The results of Gallup's 2016 Moral Issues Survey reveal that Americans’ views on sexual morality have shifted in several important ways in the last fifteen years. Most notable are changes in the number of Americans who believe same-sex behavior, sex before marriage, and having children outside of marriage are morally acceptable. While there have been substantial shifts in those attitudes, Americans’ attitudes toward other sexual issues—particularly abortion and affairs—haven’t really changed at all. Check out the table below for a closer look at the numbers from 2001 compared to today.
Percentage of Americans Who Think Each Behavior Is Morally Acceptable (Gallup, 2016)
As you can see in the table above, the most dramatic change to occur is that a large majority of Americans now believe that gay and lesbian sexual relations are morally acceptable. There has clearly been a massive shift in public opinion since 2001—in fact, just 15 years ago, most Americans felt that such behavior was immoral. It's likely that few readers are surprised by this change, though, given all of the obvious social and political gains made by the gay and lesbian community in the last few years, especially the fact that same-sex marriage is now legal throughout the entire nation.
Sex between unmarried men and women and divorce were rated as the most morally acceptable in 2001--and the same is true today. By contrast, both consensual non-monogamy (specifically, polygamy) and non-consensual non-monogamy (cheating) continue to be the least accepted. However, it is worth pointing out that the percentage of Americans who think polygamy is morally acceptable has doubled in the last 15 years. I am curious whether moral acceptance of other forms of consensual non-monogamy (e.g., polyamory, open relationships, swinging) has changed over this same time period, too. Unfortunately, Gallup does not routinely inquire about the acceptability of other relationship configurations.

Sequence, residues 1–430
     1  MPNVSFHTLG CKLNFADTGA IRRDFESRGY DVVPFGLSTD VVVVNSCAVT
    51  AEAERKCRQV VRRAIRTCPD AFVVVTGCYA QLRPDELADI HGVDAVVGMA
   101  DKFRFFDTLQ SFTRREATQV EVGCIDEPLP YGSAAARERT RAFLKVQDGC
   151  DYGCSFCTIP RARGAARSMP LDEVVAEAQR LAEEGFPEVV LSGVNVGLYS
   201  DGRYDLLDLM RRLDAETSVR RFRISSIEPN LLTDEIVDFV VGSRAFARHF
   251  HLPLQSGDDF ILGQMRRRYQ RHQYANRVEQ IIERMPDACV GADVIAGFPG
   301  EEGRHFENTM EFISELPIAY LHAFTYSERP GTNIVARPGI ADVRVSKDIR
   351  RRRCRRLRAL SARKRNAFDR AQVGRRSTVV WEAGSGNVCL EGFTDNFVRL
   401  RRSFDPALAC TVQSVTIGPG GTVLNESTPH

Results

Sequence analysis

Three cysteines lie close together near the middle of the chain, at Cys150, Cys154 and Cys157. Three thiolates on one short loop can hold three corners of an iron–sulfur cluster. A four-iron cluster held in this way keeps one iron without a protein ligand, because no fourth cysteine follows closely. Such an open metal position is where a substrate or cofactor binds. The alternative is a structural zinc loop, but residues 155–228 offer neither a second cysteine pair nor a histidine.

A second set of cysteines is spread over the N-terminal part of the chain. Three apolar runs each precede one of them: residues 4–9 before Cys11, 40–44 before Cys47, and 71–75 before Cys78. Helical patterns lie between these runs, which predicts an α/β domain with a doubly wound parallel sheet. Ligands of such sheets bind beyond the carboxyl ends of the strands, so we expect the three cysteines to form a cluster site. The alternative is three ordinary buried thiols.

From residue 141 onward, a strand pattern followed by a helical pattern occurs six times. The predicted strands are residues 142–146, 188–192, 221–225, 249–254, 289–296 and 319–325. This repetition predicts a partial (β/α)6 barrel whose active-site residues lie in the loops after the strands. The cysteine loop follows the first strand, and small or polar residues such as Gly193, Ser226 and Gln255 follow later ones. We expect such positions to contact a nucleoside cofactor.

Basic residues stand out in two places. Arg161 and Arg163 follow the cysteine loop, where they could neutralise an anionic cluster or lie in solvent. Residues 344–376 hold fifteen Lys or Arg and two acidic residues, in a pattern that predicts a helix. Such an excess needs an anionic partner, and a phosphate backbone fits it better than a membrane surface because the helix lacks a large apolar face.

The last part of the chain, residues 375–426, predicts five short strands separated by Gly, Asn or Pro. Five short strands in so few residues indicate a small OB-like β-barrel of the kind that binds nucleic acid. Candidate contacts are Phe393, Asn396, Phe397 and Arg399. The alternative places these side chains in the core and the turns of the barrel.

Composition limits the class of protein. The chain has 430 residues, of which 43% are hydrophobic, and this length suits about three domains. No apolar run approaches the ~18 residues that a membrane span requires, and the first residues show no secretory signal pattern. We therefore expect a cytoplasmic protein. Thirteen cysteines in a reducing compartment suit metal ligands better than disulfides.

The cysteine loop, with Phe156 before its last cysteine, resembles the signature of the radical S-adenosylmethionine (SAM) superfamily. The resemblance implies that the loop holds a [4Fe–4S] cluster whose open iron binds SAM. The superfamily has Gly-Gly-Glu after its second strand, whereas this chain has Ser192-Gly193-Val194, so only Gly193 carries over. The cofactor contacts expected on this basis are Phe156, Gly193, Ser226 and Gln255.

One other finding of note is that attitudes toward abortion have remained pretty flat since 2001, whereas attitudes toward stem-cell research have become more favorable.
It will be interesting to see how these findings continue to evolve over time, although, as noted above, it would be fantastic if Gallup expanded the list of sexual topics they inquired about. For instance, In addition to surveying Americans about their attitudes toward various forms of consensual non-monogamy, it would also be worth assessing whether their views of bisexuality are changing in the same way as people's views on homosexuality.
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